When he spun Sebastien Leger’s “The People” at Jet (a killer remix of the Marilyn Manson classic), even the most stubborn trance and house fans cheered in appreciation. “I notice a lot of people from the rock scene… like Tommy Lee and Dave Navarro and Perry Ferrell, have really embraced dance music—and these are real musicians,” says Dresden. “I think that as more real musicians get involved in dance music, it’s going to get more complex and start sounding more like music other people are going to be able to get into,” he says. “I think that dance music made by real musicians is gonna blow dance music wide open.”
As far as what the future holds for Dresden’s original music, collaborating with others seems to be the way to go. The DJ even remained in Vegas a few extra days to work on productions with friend and local DJ Josh Abrams.
“You don’t see a lot of ‘Dave Dresden’ remixes. I’m relatively new to engineering a track from start to finish—and I can do it—but being in G&D sort of created these huge shoes that I have to fill,” says Dresden. “That’s why I’ve done a lot of collaborations with people that I admire and respect their production skills. I’m not afraid to say I’m a collaborator. That’s who I am… I didn’t go to music school.”
Dresden says collaborations also help emphasize individual artists’ strengths. “I have a good ear for hooks and a good ear for sound, but I don’t necessarily always know how to make it. So that’s some of the strengths I’m looking for in my collaborators - to fill in my weaknesses. But also, for me, they have to be good people that I get along with as friends. That’s what made the G&D music. We were friends and we loved each other—we were like brothers. And that’s what I’m used to doing.”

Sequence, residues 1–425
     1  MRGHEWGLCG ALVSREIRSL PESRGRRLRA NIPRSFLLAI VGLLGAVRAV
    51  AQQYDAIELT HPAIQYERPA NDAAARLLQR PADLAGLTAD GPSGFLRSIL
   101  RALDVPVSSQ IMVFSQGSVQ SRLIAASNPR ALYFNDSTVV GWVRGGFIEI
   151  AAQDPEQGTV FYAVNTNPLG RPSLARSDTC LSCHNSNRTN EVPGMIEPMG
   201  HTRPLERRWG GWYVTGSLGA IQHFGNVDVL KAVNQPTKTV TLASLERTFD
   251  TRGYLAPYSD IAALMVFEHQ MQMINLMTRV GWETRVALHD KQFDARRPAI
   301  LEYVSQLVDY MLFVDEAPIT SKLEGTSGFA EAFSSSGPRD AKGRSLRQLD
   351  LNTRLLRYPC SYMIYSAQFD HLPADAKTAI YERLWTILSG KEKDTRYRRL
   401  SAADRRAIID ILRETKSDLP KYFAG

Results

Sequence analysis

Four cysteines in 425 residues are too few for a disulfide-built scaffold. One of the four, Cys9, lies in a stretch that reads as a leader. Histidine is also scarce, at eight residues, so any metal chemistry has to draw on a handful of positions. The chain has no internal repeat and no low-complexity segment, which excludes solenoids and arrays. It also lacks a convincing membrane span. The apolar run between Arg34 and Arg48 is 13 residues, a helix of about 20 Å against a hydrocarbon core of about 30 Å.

When Dresden’s set ends, the crowd gushes praise and seems pleased with their decision to forgo sleep and stay until the end. For the fans with the regular 9-to-5er who don’t get to catch sets like Dresden’s, one hopes the club scene in Vegas continues to go the way of Perfecto at Rain on Saturdays and that bigger venues will bring in true EDM talent for the masses to experience on weekends. Who knows… the tourists might just like it. Or they’ll be too drunk to care and at least the rest of us can enjoy some new tracks.